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A thought inspired by Friday’s Daf (page) in the Talmud, Gittin 73

A thought inspired by Friday’s Daf (page) in the Talmud, Gittin 73

Commitment, Intention and Words.

This post presents a philosophical idea inspired by the text of today’s Daf. The Daf is one page in the Talmud that tens of thousands of people study each day. I explain the connection to the text in a comment below. My purpose is to show that there are underlying philosophical assumptions in the Talmud that can have great significance for anybody today trying to understand our complex reality.

Three of the fundamental concepts underlying human interaction are commitment, intention, and the use of language.

When I commit to my fellow human beings, I limit my own future options but improve their ability to plan. I enable cooperation between us and everybody is more likely to achieve their own goals in comparison to the state of mistrust. Commitment involves introducing new sub-rules in the shared game we play, which shape our larger game.

We make decisions by predicting alternative futures. We consider how events might unfold if A happens and compare that to what we expect might follow if B happens. These events, A or B, can include our own actions or unforeseen circumstances beyond our control. In each scenario, we consider the possible reactions of ourselves and others.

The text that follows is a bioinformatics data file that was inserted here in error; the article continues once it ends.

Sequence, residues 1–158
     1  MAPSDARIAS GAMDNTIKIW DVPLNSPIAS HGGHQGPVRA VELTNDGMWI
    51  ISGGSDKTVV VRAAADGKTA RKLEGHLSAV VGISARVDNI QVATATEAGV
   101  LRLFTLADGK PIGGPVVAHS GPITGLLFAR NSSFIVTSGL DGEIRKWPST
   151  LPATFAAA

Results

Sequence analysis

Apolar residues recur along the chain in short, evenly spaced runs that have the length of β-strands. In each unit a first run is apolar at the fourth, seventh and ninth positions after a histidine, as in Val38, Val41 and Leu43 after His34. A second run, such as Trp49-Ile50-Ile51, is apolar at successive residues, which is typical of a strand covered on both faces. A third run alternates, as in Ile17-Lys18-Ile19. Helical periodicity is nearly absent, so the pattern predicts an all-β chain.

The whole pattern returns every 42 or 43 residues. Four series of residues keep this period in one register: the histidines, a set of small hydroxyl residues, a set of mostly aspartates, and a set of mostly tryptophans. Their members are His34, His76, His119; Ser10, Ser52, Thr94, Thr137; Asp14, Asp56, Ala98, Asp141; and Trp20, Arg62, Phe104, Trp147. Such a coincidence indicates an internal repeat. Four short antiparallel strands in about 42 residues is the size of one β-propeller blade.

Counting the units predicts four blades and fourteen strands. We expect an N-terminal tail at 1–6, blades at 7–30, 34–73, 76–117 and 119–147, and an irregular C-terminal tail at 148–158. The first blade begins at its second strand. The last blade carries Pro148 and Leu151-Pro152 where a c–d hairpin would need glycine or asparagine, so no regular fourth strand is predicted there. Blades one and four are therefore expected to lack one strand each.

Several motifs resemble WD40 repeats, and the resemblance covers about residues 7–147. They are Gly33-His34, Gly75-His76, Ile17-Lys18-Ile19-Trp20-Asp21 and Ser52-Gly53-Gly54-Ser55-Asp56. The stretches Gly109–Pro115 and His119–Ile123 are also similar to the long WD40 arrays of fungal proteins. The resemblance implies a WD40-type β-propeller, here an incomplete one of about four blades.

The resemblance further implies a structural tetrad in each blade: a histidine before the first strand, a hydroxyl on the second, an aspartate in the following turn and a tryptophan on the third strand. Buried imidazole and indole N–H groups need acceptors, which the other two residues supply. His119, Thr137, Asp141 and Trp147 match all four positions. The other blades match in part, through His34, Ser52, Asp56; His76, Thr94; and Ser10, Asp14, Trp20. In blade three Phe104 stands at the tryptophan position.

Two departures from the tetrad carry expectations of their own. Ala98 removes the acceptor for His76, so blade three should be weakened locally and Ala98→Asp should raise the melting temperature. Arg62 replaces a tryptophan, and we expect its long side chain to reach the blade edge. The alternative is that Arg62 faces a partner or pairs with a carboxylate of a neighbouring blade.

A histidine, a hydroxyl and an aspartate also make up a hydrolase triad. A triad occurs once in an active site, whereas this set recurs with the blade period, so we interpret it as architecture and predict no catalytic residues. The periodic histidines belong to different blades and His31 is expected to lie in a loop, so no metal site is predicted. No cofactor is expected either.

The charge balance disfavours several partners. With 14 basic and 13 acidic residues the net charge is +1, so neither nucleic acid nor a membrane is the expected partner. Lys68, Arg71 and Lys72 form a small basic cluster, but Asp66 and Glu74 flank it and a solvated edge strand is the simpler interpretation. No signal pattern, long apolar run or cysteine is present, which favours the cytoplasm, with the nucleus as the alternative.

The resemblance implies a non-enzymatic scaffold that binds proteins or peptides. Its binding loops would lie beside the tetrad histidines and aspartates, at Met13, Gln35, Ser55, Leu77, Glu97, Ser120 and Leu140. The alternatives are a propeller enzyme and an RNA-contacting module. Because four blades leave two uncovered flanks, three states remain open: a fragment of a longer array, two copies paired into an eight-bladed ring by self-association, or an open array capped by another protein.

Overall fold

Our intentions are defined by the behaviors we decide upon in these alternative futures. For example, if I run out of money, I intend to do X. If the baby cries at night, I intend to do Y.

We express these intentions to others using words. By articulating our intentions, we establish the building blocks of collaboration and commitment.

What happens if the future turns out to be like none of the alternatives scenarios we imagined when making a commitment? What if something totally unexpected happens? What if we believed we would succeed at something but were mistaken?

Imagine I say to my colleague, “I will stay here until I finish the job, whatever happens.” Then something unexpected arises, or I can’t seem to complete the task. I explicitly used the phrase “whatever happens,” leaving no room for ambiguity. It implies that there is no possible alternative that can change my commitment to finish.

In today’s world, guilt is often less valued than in past cultures, and most moral systems are not considered absolute truths. However, the notion that we are obligated to abide by the rules we agreed upon has not lost its significance. It is said that even the most murderous criminals consider keeping their word as sacred.

So how can we justify forgiving a failure to uphold commitments due to unforeseen circumstances, even if there is no interpretation of our words that would justify this?

One answer is that words carry more meaning than their surface interpretation. Even when we say “whatever happens,” it actually means “whatever might reasonably happen.”

Another answer is that these failures are simply logical shortcomings. We use indefinite pronouns like “all,” “none,” “never,” “whenever,” or “any” as alternatives to describing every possibility. However, we can never truly consider every possibility due to our limited imagination or time. In the world of computer programming, these are known as “bugs.” We live with these bugs in our speech.

On one hand, reneging on commitments without cause is universally seen as morally wrong. On the other hand, it is unreasonable to never allow for the extremely unlikely. In reality, this is likely a spectrum, with our behavior falling somewhere between the two extremes.

The challenge lies in determining where the current situation falls on that spectrum. We often put a thumb on the scale. Who are we really? Who do we want to become?

submitted by /u/eliyah23rd
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Source: Reditt

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